(April 8) Oh, how wonderful it is that the Masters is now underway!

Not just underway, but underway in its accustomed springtime schedule, the time of year when the breathtaking Augusta National golf course is at its finest. The time of year, too, when the golf season’s natural flow perfectly reaches full flood force.

The coronavirus can no longer restrain it, nor can ignorant cries for the major tournament to be moved outside the state of Georgia — as if the Masters would be the Masters anywhere but Augusta National. That last suggestion is as, well, moronic as it would be to say that the Empire State Building should be moved to Natchez, Mississippi, or that the Tour de France be held in China.

Without overdoing the cliche of springtime symbolizing rebirth, one still can’t help but feel the rush of joy that COVID-19 is fading and big events returning just as Augusta’s azaleas bloom. To walk those grounds (as I have twice and wish I were doing today) is to experience an almost mystical understanding of how a particular place can find its purpose.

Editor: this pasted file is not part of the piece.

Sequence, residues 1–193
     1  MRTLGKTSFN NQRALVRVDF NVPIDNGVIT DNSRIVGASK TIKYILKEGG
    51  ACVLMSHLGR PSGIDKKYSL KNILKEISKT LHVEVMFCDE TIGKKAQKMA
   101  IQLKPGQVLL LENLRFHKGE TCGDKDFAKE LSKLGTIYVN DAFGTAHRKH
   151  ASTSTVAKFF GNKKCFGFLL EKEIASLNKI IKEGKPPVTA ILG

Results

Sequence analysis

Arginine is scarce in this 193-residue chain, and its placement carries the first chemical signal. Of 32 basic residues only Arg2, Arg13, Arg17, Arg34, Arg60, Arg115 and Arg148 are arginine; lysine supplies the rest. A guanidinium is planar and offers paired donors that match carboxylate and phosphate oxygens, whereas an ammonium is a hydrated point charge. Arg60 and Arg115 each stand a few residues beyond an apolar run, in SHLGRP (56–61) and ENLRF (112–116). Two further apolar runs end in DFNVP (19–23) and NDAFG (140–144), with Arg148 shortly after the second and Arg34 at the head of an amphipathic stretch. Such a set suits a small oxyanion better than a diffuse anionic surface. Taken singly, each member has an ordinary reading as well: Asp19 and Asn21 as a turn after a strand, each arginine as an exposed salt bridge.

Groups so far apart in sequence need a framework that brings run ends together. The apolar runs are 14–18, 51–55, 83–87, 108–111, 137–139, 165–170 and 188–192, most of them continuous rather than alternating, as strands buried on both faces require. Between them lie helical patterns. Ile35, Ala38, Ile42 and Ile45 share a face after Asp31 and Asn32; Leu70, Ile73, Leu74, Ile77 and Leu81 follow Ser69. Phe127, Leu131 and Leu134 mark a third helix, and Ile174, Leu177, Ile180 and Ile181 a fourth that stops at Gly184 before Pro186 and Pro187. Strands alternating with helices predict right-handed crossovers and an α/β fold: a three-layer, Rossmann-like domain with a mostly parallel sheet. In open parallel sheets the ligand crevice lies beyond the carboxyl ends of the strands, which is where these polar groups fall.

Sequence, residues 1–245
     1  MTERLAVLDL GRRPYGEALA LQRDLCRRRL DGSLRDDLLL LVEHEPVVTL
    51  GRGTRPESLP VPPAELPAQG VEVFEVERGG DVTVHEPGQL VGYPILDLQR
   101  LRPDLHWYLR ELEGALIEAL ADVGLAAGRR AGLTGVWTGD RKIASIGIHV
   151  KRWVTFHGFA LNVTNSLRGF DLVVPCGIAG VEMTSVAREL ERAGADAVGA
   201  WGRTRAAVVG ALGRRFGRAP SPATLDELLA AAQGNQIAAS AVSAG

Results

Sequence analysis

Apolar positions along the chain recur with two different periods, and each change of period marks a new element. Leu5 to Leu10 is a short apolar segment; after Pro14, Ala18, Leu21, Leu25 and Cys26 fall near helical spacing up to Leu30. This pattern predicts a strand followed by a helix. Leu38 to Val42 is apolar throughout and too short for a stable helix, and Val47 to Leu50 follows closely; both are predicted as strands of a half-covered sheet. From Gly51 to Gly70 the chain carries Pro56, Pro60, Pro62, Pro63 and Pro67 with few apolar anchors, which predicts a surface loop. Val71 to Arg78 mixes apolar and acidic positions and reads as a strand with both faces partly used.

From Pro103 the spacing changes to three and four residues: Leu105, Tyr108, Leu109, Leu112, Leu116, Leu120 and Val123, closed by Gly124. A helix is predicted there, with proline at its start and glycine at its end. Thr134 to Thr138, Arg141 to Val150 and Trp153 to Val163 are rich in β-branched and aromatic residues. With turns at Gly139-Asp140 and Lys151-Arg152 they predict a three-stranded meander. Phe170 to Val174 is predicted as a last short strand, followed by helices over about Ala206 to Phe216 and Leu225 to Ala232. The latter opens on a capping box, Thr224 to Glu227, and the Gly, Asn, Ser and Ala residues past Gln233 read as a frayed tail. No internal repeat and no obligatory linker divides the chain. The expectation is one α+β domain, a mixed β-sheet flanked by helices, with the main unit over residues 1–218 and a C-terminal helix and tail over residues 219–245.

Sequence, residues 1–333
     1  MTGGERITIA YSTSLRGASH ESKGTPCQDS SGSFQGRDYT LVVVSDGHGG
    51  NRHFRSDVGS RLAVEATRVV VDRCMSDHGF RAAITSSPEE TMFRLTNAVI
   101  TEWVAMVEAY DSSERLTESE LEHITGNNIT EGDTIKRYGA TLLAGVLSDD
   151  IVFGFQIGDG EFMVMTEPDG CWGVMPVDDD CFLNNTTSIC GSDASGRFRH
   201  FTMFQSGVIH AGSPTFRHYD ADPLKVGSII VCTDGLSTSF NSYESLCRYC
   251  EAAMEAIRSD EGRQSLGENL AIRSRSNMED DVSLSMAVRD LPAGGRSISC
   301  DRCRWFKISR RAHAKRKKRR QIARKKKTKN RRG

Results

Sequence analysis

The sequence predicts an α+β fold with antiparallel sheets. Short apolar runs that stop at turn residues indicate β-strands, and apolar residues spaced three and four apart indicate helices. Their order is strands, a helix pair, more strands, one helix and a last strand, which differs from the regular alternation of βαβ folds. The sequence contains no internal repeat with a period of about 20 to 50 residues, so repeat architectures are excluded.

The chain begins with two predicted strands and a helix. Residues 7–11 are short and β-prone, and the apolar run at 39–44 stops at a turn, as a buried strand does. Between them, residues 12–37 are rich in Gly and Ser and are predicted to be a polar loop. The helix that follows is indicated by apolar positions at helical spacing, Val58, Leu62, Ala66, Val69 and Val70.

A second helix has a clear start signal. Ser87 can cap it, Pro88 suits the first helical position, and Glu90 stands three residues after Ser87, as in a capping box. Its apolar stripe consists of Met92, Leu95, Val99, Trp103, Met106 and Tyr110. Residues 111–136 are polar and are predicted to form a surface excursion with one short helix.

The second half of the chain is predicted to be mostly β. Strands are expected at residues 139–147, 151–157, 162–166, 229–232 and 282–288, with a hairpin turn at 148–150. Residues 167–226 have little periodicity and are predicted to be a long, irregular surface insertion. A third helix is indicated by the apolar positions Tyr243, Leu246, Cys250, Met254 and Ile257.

The great news this year is that the actual competition at the tournament is set up to be even more worthy than the gauzy sentiments. What golf fans want leading into the Masters is for all the top players to enter the championship in top form. This year, with one exception, they are.

Based on career accomplishments and spot in their career primes (broadly speaking), six players can be said to be vying for the current status as “best in the world.” Of those six, five — Dustin Johnson, Brooks Koepka, Bryson DeChambeau, Justin Thomas, and Jordan Spieth — have won tournaments since New Year’s (Johnson in a star-studded field in Saudi Arabia, the rest in the United States). Only Rory McIlroy has been off form this spring….

[The full column is at this link.]



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